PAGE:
I’m always trying to think of things that worked in my classroom with 20 kids so they’ll scale down and work in your four walls. One thing that helped my 1st-graders was teaching them tangible words to stand up for themselves and be assertive. At the beginning of the year, we’d teach them to counter teasing, bullying, etc. with a polite but assertive “please stop, I don’t like that.”
Why this phrase? First, this phrase is a valuable tool for small children who are just beginning to get a grasp of verbalizing their feelings. Teaching them “please stop, I don’t like that” will prevent a good number of peer disputes and tantrums before they even start.
Second, a healthy society is founded on personal autonomy and mutually-respected boundaries. By teaching kids early on to voice a concern when something is causing them distress, we prepare them for grown-up life. We empower them to stand up for themselves at work, in public, in relationships, and in a multitude of other scenarios that (God forbid) can become abusive or toxic if all parties involved do not respect boundaries. We also teach them empathy for others, so when they get told “please stop, I don’t like that,” they’ll comply.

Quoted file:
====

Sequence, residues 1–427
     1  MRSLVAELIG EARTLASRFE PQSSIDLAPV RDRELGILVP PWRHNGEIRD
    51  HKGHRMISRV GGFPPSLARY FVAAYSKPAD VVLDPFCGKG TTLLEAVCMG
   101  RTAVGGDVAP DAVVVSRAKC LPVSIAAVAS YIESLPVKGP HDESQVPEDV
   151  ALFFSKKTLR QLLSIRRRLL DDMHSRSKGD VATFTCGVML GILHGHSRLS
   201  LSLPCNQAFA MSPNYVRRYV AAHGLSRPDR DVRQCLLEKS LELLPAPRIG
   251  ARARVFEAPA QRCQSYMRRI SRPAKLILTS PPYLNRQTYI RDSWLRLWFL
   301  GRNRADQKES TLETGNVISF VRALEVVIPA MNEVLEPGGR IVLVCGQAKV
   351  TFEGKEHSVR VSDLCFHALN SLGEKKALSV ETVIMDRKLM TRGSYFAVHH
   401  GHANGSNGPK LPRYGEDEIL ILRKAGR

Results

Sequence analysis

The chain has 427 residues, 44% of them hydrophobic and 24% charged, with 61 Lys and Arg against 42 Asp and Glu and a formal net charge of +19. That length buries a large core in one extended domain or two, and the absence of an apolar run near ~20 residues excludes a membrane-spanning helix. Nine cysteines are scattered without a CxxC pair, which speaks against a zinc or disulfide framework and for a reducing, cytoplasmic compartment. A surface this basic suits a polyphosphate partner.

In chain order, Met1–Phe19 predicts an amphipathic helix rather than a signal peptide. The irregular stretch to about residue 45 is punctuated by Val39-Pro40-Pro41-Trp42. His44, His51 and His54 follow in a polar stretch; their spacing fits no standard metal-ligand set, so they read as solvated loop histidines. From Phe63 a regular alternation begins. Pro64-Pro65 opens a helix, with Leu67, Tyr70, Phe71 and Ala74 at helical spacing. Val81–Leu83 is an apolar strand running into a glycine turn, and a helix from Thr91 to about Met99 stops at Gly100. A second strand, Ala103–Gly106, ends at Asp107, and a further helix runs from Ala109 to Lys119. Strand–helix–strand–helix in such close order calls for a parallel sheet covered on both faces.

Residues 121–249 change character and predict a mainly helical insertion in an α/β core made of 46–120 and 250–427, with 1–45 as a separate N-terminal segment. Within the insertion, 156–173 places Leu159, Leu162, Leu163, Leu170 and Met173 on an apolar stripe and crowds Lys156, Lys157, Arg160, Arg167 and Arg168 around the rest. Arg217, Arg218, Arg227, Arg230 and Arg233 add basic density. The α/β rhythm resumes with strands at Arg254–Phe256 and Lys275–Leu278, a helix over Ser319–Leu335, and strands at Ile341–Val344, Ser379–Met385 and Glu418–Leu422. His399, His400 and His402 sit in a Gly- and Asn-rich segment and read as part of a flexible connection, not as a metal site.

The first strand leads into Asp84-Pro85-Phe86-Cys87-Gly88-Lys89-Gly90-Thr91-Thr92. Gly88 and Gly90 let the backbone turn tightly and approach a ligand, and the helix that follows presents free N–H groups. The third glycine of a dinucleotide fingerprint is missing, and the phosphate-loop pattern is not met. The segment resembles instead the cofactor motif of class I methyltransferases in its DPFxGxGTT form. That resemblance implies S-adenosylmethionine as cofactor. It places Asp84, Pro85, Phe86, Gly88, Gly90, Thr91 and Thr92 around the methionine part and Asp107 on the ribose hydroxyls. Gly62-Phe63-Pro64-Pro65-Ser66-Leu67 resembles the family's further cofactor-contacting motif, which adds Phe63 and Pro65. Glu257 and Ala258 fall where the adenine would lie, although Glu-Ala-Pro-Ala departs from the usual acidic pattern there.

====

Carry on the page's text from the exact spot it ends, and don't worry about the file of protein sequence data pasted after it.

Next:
The goal is helping all students be assertive with a Goldilocks balance; not too hot (no SCREAMING, no tantrums) and not too cold (no whining, no enabling the person doing the teasing). Just like we want to embody “calm, assertive pack leader energy,” we want our children to develop that energy early on.
By empowering your children to turn their feelings into words and communicate with other people, you are giving them the tools they need to be successful throughout their lives. It is an incredible gift to give. You’ve got this!
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